STOCKHOLM (Reuters) - Scandinavian governments have requested European Union approval to offer state guarantees on new loans to struggling airline SAS (SAS.ST), a Swedish newspaper reported on Friday.
The airline, in which Denmark, Norway and Sweden own a combined 50 percent stake, has been locked in talks with banks on securing financing to roll over debt coming due next year.
Business daily Dagens Industri, citing unidentified sources, reported the banks involved in the talks had demanded state guarantees on any new financing and that the Scandinavian governments had submitted a request to that effect to the EU.
SAS on Thursday postponed its third-quarter results, saying it was delaying publication until negotiations on efforts to ensure its survival had been finalised.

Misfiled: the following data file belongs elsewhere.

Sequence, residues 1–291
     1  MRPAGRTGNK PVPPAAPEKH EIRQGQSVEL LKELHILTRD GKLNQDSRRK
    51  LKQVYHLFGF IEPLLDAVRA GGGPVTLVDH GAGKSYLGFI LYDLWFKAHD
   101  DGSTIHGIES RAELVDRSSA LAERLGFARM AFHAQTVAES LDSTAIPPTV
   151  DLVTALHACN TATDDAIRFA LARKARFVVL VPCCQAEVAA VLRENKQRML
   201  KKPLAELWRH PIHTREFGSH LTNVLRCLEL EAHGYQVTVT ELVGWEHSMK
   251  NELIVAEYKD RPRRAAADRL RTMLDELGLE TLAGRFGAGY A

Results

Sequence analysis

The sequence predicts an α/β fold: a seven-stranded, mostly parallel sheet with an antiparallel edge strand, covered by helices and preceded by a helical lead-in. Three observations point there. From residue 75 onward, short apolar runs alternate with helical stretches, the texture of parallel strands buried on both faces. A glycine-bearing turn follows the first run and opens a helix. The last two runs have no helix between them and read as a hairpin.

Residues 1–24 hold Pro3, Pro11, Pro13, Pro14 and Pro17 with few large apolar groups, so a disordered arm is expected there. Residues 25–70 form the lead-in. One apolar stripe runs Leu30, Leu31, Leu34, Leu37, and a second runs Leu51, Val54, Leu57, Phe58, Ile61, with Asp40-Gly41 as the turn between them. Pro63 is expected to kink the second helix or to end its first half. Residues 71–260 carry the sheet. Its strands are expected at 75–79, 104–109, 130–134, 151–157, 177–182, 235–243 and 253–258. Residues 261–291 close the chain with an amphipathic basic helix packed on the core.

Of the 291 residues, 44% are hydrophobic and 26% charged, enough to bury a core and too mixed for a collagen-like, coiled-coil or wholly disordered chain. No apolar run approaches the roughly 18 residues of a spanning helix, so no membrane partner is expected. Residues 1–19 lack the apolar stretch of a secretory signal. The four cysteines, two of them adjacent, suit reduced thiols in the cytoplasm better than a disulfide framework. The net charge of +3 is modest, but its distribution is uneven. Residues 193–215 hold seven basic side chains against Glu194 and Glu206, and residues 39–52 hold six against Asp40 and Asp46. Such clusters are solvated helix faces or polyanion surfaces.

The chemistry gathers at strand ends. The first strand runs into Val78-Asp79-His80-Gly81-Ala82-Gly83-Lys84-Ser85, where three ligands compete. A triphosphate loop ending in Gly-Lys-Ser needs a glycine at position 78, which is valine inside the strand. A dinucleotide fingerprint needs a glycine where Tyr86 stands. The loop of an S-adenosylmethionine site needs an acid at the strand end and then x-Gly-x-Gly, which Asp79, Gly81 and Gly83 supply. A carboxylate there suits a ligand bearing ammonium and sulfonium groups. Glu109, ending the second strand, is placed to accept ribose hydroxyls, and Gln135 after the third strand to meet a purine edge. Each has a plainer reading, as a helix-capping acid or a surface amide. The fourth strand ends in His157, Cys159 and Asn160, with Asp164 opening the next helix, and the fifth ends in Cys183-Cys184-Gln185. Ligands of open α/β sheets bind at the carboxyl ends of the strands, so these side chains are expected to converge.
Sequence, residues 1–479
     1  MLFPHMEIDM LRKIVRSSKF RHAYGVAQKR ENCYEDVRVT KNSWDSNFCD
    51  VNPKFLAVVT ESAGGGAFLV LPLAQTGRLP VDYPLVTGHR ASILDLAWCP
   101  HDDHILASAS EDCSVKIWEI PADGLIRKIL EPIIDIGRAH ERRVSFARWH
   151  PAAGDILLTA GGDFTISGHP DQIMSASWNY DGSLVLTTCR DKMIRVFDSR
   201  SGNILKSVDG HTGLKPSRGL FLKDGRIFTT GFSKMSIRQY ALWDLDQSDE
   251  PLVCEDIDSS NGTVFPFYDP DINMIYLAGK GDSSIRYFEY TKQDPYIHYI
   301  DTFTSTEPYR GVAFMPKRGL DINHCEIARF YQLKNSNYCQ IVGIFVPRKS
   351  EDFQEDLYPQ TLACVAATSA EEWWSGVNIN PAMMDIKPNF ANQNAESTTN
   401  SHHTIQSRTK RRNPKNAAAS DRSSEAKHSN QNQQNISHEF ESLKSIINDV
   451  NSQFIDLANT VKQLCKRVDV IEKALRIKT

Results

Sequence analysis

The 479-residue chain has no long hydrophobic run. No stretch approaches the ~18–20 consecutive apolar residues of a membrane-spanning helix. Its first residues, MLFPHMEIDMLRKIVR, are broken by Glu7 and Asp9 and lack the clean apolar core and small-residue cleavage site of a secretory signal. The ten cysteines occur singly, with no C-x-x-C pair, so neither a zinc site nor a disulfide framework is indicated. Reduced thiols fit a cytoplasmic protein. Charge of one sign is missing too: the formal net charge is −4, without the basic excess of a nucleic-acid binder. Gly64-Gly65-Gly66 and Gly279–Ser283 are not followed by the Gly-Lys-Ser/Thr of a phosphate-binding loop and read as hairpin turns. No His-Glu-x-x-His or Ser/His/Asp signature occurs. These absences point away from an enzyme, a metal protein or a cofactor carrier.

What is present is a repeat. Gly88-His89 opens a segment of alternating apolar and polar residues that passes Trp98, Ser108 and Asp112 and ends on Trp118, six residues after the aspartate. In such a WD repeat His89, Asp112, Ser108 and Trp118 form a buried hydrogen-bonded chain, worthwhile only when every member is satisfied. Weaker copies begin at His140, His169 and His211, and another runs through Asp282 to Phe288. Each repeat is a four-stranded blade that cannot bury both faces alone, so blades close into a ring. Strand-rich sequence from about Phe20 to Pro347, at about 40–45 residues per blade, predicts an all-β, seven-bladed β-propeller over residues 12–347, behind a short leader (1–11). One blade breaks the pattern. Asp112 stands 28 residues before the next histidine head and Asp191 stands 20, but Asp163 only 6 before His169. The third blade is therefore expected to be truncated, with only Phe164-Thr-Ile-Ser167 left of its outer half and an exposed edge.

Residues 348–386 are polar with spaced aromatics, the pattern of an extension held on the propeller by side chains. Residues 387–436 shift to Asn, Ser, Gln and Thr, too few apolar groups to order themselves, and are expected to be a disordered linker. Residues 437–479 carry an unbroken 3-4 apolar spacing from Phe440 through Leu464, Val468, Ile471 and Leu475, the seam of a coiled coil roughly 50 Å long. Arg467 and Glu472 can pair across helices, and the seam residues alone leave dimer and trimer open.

A new announcement, including the results, would come no later than November 12, it said.
SAS has not made a full-year profit since 2007 and has previously said its turn-around plan is expected to yield about 3 billion Swedish crowns ($447.60 million) in earnings before tax. It also aims to sell assets totalling around 3 billion crowns.
A Swedish government spokeswoman declined to comment.
($1 = 6.7024 Swedish crowns)
(Editing by Jane Merriman)